KatchooNJ (173554) | about a year ago | (#45741203)

Space Invaders?

Re:Doom (3, Interesting)

RR (64484) | about a year ago | (#45741329)

This seems like a huge omission. It's hard to think of a more influential computer game.

Apple Newton???

Mossberg's editorial point of view is of the average consumer, and I don't think most people care about computer games. I don't.

But choosing the Newton because of AI? Everybody has been working on that, and the Newton's approach was a dead end. The Newton had an even bigger impact that Mossberg omitted: It launched ARM into the low-energy device market, which it now dominates.

Re:Doom (0)

msobkow (48369) | about a year ago | (#45741807)

So you think a low market share device that effectively failed to achieve significant penetration on launch in 1998 is responsible for the success of an embedded low power processor that's been around since the early '80s? http://en.wikipedia.org/wiki/ARM_architecture [wikipedia.org]

Man, I know fanbois really like to pump up Apple, but that's a stretch even for your ilk.

Re:Doom (1)

mattack2 (1165421) | about a year ago | (#45742731)

Huh, the Newton came out in August 1993, not 1998.

Re:Doom (1)

RR (64484) | about a year ago | (#45765015)

So you think a low market share device that effectively failed to achieve significant penetration on launch in 1993 is responsible for the success of an embedded low power processor that's been around since the early '80s? http://en.wikipedia.org/wiki/ARM_architecture [wikipedia.org]

You're looking at the wrong Wikipedia page. I didn't say that Apple invented ARM. I said, "It launched ARM into the low-energy device market," which Apple did by founding ARM Holdings in 1990, [wikipedia.org] along with Acorn and VLSI. After the Newton introduced the ARM architecture to an international audience, then DEC, etc. started licensing it. Apple reaped the rewards, by selling their ARM stock for hundreds of millions of dollars in the late-90's, when they were digging out of a crisis.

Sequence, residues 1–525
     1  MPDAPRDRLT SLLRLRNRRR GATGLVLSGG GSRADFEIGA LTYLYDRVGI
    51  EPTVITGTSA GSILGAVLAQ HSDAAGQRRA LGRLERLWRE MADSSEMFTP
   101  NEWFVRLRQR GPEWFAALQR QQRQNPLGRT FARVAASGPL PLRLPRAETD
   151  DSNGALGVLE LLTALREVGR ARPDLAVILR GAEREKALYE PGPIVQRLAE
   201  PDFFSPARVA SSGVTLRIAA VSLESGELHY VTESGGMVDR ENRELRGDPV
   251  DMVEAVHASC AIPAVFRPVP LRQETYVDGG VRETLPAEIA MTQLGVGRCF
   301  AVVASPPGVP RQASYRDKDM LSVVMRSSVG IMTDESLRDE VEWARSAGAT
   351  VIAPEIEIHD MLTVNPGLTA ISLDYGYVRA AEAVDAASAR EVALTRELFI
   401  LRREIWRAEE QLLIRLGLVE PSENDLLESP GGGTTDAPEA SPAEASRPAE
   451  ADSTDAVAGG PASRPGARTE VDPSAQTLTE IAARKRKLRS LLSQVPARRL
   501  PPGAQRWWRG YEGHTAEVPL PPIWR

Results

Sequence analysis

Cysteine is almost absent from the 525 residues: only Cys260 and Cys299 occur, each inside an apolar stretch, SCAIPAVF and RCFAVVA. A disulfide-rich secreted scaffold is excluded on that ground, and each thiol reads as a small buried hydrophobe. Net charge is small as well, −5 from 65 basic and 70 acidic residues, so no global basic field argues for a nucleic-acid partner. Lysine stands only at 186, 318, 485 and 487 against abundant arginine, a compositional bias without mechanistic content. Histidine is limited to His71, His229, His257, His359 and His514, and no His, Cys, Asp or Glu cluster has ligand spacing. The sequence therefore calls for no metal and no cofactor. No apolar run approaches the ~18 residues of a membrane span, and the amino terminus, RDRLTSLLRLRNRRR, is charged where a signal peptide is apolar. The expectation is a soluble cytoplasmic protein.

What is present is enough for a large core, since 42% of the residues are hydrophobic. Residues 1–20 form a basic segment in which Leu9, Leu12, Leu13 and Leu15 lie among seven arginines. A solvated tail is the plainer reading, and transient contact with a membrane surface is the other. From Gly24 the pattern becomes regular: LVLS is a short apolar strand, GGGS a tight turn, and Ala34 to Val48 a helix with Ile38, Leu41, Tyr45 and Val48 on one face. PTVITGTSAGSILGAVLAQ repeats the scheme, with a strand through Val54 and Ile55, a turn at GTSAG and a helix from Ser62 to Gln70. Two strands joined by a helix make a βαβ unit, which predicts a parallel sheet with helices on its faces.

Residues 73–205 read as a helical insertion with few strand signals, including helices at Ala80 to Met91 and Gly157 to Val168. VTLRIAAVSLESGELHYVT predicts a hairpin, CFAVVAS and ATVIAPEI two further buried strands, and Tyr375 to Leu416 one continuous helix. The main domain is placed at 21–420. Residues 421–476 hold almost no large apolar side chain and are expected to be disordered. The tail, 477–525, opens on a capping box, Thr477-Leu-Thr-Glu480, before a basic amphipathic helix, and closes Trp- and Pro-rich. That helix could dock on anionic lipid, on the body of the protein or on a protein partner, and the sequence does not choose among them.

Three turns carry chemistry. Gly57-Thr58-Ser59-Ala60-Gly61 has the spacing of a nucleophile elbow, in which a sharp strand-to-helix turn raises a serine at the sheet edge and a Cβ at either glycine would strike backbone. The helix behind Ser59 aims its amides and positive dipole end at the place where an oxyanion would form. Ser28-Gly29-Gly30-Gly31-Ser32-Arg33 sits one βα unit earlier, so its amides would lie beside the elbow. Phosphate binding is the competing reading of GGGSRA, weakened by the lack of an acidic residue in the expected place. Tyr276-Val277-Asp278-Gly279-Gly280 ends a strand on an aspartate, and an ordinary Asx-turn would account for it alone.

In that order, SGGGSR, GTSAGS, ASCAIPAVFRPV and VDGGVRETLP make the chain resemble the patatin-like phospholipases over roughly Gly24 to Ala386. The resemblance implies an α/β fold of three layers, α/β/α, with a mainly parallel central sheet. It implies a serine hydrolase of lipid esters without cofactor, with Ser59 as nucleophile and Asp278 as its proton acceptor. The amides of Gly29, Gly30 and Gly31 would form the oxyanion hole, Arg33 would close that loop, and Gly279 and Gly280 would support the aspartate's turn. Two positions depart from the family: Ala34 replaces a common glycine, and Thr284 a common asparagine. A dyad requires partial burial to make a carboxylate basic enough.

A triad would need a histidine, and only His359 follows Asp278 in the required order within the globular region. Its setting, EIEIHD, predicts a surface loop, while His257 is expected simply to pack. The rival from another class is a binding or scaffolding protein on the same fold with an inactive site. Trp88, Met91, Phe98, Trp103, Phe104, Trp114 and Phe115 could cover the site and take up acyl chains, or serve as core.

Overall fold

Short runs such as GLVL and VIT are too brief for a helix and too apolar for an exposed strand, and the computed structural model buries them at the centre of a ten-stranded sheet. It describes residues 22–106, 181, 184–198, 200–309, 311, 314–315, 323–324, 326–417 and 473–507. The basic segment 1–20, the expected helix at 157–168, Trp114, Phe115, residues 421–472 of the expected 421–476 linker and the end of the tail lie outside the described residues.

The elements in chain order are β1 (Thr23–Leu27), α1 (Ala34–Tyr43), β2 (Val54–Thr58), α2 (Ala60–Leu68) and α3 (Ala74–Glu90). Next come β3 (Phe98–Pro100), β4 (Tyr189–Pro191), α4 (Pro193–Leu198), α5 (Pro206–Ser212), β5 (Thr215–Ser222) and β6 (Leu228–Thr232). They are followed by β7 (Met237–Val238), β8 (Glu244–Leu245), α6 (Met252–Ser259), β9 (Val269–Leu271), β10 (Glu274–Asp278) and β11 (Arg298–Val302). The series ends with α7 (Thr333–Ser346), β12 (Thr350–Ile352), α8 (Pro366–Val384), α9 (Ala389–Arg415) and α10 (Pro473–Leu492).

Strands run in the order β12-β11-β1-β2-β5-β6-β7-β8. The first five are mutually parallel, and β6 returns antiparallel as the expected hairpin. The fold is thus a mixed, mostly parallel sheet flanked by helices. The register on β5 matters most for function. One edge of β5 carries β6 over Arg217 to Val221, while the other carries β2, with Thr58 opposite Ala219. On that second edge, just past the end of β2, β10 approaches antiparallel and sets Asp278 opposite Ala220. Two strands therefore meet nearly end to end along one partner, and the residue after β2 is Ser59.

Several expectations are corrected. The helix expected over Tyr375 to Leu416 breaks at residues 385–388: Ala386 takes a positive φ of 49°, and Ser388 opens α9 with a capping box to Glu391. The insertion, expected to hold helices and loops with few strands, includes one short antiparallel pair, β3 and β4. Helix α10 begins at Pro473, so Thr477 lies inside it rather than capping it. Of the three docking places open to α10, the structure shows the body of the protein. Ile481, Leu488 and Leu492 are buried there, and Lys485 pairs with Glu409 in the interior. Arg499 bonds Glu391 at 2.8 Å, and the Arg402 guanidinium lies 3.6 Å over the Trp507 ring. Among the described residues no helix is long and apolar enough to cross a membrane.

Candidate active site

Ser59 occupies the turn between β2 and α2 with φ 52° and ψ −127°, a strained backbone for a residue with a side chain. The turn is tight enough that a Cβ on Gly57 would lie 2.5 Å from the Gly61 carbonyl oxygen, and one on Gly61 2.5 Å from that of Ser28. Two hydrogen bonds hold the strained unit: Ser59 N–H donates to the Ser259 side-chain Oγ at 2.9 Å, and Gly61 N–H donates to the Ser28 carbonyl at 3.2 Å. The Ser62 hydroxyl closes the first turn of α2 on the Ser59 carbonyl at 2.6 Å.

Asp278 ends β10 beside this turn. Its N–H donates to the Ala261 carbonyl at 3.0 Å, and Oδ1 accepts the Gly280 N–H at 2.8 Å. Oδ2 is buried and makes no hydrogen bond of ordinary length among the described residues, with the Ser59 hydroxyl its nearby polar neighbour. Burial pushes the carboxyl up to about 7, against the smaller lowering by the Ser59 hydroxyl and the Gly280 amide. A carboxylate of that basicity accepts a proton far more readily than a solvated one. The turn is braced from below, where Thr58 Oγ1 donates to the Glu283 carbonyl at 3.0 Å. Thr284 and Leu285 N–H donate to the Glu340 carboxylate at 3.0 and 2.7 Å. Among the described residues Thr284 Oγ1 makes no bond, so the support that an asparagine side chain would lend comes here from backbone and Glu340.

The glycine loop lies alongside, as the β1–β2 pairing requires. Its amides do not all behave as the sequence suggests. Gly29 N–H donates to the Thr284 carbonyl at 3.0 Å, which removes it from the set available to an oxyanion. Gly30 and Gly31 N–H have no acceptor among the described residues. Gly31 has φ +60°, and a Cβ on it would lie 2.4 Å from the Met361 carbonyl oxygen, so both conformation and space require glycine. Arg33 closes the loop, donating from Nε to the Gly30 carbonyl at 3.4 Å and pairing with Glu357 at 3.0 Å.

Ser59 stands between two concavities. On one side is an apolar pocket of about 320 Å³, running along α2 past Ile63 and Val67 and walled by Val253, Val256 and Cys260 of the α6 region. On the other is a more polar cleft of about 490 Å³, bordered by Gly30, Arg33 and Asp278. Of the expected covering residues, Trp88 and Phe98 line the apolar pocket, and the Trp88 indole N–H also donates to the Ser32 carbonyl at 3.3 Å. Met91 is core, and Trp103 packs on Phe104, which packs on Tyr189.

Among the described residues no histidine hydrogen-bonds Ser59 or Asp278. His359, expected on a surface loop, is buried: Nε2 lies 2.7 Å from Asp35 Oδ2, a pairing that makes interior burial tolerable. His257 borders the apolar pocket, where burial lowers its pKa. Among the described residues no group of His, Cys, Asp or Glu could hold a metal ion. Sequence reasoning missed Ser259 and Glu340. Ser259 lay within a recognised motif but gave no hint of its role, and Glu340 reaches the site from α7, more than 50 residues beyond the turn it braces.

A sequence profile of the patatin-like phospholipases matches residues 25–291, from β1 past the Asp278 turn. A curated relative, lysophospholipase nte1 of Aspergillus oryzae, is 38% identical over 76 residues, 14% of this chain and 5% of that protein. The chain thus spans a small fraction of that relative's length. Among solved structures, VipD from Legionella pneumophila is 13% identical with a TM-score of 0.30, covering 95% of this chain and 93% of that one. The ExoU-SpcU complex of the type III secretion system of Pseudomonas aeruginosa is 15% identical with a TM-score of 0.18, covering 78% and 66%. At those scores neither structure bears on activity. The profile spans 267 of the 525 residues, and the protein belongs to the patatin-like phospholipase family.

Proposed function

ARM was not the overwhelmingly obvious choice for a 32-bit handheld system at the time. MIPS [freebsd.org] was in several designs, and the PalmPilot used a DragonBall [wikipedia.org] processor. Even making a personal CPU architecture was still an option, though not an especially viable one.

Re:Doom (1)

westlake (615356) | about a year ago | (#45742131)

Mossberg's editorial point of view is of the average consumer, and I don't think most people care about computer games. I don't.

He wrote for readers of the WSJ.

The kind of people who never lose sight of the numbers.

Size of global video game market revenue, including mobile games on smart phones and tablets: $66 billion, up from $63 billion in 2012 and is expected to grow to $78 billion in 2017.

FACTBOX - A look at the $66 billion video-games industry [reuters.com]

Re:Doom (1)

RR (64484) | about a year ago | (#45765033)

Mossberg's editorial point of view is of the average consumer, and I don't think most people care about computer games. I don't.

He wrote for readers of the WSJ. The kind of people who never lose sight of the numbers.

Exactly. They're busy looking at the numbers. They don't want to be bogged down with useless technical information about which game has the best visuals, or which game is the most innovative. They just want the numbers. Do you think the bosses of EA actually play the games that they publish?

But even dirty capitalists need to have some down time, and Mossberg was there to help them find the easiest devices to use.

Re:Doom (3, Insightful)

DSElliot (3445351) | about a year ago | (#45741333)

I would argue Wolfenstein 3D before Doom. The Apple Newton is important because it introduced the concept of a handheld. The industry learned from Apple. Without Newton's handwriting recognition failure, Jeff Hawkins would not have invented Graffiti, which was a "simpler" way of entering data into a handheld through a stylus. Graffiti worked until the Treo and Blackberry keyboards came along, followed by Apple's adaptive touchscreen.

Re:Doom (1)